Poinsettias, which start blooming all over the place in pots during Christmas, are indigenous to Mexico and Central America. But they grow wild in Hawaii, where you can see them changing colors to their brilliant red on the hillsides. The tropical latitude makes for ideal conditions for Poinsettias, which can grow up to 12ft. and can be spotted everywhere, in backyards and along local roads. As winter comes in Hawaii, the shorter days cause the Pointsettia leaves to turn Ferrari Red, and everyone knows Christmas is coming. Be honest, when you see Pointsettias in pots it’s no big deal, but if you saw them like this, wow!

Let’s get back to Santa on a surfboard. Only in Hawaii can you get an ethnic looking Santa for a picture, right? Here’s my son at 19 months old, when we took a Santa picture at a mall in Honolulu. We’ve taken pictures every year since my kids were born, and we still make them take Santa pictures even today. My son is now in college and 20 years old, but he’s a good sport about it. This is my favorite though—with the local Santa who just got back from the beach.

Happy Holidays!

 

Photo credits: Ornament by Dave Dugdale Blocks by Daniel Ramirez Imu by DuffelBlog Kalua Pork by Daniel Lane

 

The Taste Test

With the holidays coming up, we’re all going to be doing a lot of eating, right? I got to thinking how we’re going to taste all this food that we’re going to consume. Have you ever thought about the science behind our taste buds? Did you know that the “tongue map” that shows how different parts of your tongue taste sweet, sour, bitter, and salty is completely wrong, and that it was debunked by scientific research in 1974? Since that tongue diagram has been around since 1901, I guess we were pretty gullible about our tongues for a long time.

The truth is that all parts of our tongue can taste everything, even though certain areas are more sensitive than others, like the sides compared to the middle. The one exception is that the back of the tongue is most sensitve to bitter taste. Why? Apparently this is the body’s defense mechanism so we can taste poisonous or spoiled food and be able to spit it out before we can swallow it! Yes, the human body is awesome!

Even though tasting starts with the tongue, being able to connect the taste with a flavor is also related to our sense of smell. A food’s flavor only happens when it’s combined with your smell—which is why we can’t taste much when we have a cold and our nose is stuffed up. So how do our tongues work? Those little bumps that you have on the surface, called papillae, contain many sensory cells more commonly known as our taste buds. These buds are what sends the signals to our brains that help us identify flavors.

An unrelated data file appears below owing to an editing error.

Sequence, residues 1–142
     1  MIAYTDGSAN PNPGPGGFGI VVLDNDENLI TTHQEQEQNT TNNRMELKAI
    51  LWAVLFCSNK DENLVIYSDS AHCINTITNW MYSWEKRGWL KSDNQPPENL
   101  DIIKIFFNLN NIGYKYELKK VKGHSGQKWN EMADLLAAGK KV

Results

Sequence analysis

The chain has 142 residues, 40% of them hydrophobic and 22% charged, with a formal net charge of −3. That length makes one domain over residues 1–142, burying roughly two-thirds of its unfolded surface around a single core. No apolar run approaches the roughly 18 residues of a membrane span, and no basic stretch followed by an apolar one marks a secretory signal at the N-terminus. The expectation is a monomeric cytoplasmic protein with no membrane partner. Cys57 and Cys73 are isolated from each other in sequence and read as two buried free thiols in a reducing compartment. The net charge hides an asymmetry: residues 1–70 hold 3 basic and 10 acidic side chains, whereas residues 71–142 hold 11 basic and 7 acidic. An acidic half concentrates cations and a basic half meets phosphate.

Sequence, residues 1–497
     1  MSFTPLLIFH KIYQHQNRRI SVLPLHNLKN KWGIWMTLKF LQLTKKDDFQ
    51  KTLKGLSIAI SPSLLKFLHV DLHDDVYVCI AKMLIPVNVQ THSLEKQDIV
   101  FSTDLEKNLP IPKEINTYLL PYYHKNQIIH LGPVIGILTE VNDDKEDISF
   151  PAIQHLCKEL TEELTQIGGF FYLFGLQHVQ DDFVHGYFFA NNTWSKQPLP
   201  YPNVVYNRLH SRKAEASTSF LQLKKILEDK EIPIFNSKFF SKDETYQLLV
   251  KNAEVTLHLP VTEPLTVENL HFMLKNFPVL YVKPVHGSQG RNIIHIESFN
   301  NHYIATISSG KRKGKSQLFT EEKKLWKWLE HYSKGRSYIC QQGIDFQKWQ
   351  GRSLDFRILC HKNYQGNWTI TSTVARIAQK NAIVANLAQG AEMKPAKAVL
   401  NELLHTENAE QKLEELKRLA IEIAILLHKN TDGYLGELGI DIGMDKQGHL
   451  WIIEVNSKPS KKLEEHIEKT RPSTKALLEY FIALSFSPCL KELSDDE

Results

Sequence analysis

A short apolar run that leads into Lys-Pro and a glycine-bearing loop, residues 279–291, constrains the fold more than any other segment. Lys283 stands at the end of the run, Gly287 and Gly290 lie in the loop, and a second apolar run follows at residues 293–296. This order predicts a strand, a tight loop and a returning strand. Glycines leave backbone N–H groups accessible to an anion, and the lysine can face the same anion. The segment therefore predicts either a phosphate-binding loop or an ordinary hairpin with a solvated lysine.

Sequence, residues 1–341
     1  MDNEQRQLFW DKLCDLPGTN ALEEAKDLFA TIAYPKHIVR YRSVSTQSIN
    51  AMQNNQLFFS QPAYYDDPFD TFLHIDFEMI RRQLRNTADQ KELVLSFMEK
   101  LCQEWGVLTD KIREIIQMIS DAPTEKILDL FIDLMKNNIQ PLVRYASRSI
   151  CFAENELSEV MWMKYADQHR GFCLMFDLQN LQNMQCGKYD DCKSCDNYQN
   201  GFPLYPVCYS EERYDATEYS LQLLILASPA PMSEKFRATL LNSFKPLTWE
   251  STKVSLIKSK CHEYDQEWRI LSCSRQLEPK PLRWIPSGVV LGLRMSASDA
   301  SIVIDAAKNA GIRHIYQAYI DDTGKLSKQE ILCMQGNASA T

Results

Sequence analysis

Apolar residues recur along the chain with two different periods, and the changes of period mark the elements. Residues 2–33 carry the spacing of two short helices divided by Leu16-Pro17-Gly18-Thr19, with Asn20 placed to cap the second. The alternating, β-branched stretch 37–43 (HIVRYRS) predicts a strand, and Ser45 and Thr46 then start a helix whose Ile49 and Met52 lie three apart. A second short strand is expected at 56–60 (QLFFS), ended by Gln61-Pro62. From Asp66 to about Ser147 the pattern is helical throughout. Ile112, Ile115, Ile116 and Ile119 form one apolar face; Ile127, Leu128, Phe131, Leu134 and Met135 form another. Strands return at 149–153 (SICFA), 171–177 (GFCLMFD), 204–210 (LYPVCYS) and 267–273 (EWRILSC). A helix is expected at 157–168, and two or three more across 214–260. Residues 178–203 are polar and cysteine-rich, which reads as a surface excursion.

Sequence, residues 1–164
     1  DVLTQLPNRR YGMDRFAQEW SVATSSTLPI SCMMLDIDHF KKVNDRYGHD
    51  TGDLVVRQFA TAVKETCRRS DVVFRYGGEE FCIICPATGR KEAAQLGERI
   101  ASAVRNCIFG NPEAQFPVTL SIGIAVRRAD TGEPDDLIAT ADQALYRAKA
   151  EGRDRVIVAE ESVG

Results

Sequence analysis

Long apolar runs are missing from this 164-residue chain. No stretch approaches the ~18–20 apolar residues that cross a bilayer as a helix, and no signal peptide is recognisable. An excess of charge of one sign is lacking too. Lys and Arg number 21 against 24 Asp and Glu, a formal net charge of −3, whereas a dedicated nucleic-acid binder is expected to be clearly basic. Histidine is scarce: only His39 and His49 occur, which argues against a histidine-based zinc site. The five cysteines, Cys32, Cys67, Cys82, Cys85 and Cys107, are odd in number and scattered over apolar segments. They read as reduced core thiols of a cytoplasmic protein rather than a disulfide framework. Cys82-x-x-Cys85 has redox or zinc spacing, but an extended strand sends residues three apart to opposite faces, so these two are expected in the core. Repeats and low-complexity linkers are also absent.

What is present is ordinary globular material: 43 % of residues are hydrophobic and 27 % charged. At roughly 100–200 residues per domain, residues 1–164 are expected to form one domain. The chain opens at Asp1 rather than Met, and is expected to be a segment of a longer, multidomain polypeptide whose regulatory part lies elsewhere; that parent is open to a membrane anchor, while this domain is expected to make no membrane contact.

The papillae are concentrated mostly at the tip and at the edges, where the tongue is most sensitive to taste. Most adults have between 2000 and 8000 taste buds in our tongues, but unfortunately we start to lose them as we get older or they shrink, along with their capacity to distinguish flavors. Bummer.

Today there are 5 basic indentifiable tastes—sweet, sour, salty, bitter, and umami, which was discovered by a Japanese chemist named Kikunae Ikeda in the early 1900s. Umami has now become common knowledge among the foodies, who like to show that they know such things, but it took a long time for umami to catch on here. Maybe it’s because umami is hard to define. The word savory and brothy is used most to describe the taste—a long lasting aftertaste that leaves a pleasant coating sensation on the tongue.

Recently researchers have been studying even more distinct tastes that can be isolated and identified. New evidence suggests that the tongue probably has the capacity to taste fat, which scientists have described as the sensation you’d get from “eating oxidized oil.” Ugh! Maybe this is a good thing though, like the body’s ability to warn us to stay away from it, like when something bitter might be poisonous. Eventually fat will probably become the 6th taste.

So what’s the sweetest food you’ve ever tasted? How about the sourest, or saltiest, or bitterest?

 

Sources: Thanks to U.S. National Library of Medicine for the taste facts.
Images: Cat by Dominique, Tongue Diagram courtesy of Educhien.com, 5 Tastes by Study.com

 

How To Eat Plain White Rice

If you’ve been guilty of this, you’ve probably been told not to pour soy sauce on your rice if you visit Japan (yes, it’s bush league). But that doesn’t mean the Japanese eat their rice plain and without flavor. No, the trick is to take a mouthful of salty grilled fish, tangy deep fried pork or whatever tasty dish you have in front of you, then eat your bland white rice. If you think about it, you wouldn’t want your rice to be salty or spicy too, if you’re eating it with another dish.

But what happens if you don’t have enough dishes to eat with your rice? Or if you’re still hungry and all you have left is a bowl of rice? You do what the Japanese do—you look in your refrigerator or cupboard and find the dozens of ways to accompany your rice so that it isn’t so plain anymore. You do not pour soy sauce on it!

So stock up on some of these condiments—you can find them at most Asian grocery stores, so no excuses: